I just returned from the first lecture of 2011 in the Acton Lecture Series, and had the great pleasure of listening to Fr. Robert Sirico address the issue of poverty and prosperity, and how we Christians are supposed to deal with these. His remarks were fresh and insightful.
What struck me most was how much his lecture dove-tailed with my work on an up-coming lecture on Theology of the Body (at the Arise Conference at Aquinas College on Feb. 19). Although Fr. Sirico didn't give this topic as much time as I would have liked, his ideas on the material vs. spiritual were intriguing. We are not, he pointed out, merely material (body) or spiritual (soul) beings - we are integrated body/soul creations. However, when we meet a person, we are not encountering their soul first: we encounter body, and must patiently await the soul to be revealed.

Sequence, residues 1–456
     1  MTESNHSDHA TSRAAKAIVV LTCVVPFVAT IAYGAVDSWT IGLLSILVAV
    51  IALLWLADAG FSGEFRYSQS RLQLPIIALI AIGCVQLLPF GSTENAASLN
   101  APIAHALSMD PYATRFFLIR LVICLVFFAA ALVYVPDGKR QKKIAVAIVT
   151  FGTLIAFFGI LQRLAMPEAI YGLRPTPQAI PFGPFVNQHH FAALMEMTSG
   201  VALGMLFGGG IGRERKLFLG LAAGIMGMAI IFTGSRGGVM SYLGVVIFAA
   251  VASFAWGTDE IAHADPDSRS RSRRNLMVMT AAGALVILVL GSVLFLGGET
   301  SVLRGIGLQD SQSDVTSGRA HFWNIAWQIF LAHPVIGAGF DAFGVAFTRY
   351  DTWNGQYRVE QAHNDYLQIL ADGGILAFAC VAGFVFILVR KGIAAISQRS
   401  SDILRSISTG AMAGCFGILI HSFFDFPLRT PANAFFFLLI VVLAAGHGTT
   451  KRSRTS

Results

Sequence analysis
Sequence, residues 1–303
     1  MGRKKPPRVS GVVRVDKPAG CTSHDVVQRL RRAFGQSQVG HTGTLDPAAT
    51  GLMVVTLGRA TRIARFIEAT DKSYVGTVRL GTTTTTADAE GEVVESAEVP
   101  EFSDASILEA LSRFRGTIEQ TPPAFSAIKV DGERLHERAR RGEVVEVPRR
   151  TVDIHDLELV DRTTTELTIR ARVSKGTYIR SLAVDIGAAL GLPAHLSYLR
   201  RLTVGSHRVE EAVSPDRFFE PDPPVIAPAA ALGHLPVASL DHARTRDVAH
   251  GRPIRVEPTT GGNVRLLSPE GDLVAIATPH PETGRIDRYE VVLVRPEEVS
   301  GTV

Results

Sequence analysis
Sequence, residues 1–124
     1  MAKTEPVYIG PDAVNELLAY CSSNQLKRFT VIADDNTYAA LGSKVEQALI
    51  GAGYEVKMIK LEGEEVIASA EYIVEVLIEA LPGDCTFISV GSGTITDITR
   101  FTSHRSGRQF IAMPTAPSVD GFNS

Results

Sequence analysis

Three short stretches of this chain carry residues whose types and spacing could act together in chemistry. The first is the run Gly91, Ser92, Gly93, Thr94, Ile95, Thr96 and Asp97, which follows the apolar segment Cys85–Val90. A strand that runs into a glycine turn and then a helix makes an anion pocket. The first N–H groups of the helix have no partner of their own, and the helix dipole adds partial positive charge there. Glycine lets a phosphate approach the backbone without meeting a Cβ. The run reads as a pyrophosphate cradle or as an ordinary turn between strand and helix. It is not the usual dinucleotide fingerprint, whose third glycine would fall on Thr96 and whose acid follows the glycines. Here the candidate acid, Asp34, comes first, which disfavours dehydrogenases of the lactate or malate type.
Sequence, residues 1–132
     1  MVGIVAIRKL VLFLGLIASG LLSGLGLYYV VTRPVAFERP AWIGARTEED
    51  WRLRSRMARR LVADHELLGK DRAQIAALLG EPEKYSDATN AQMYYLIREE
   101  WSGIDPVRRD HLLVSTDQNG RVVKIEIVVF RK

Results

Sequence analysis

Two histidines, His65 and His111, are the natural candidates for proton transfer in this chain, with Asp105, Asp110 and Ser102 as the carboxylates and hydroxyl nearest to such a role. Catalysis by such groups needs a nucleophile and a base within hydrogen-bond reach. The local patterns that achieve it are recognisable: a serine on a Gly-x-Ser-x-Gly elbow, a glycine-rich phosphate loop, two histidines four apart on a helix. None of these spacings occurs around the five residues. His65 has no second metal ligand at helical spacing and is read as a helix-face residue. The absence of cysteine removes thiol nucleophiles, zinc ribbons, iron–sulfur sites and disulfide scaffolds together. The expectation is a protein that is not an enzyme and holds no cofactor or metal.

This reinforces my experience as wife, mother, teacher, pastoral associate. While we make judgements based on first impressions and appearances (sometimes those judegments are faulty, sometimes not), it is only in relationship with others that true, deep knowledge is acquired. What is important is not my "stuff", but my relationship to that "stuff": am I owned by my material possessions, or am I a good steward of what I have? Are my relationships with others superficial, or soul-ful? Of course, this attitude also speaks to the way that we see all creation: is created matter just there, or does it suggest (and even proclaim) a deeper reality? (Is that thick blanket of snow that got dumped on us this week just frozen water falling out of the sky or does it lead me to contemplate our Creator God and His majesty? I guess that depends on whether I have to shovel or not.....)
Our culture - 21st century America - is superficial and possession-driven. There is no way to deny that. That does not mean I must be. Thanks for the reminder, Fr. Sirico.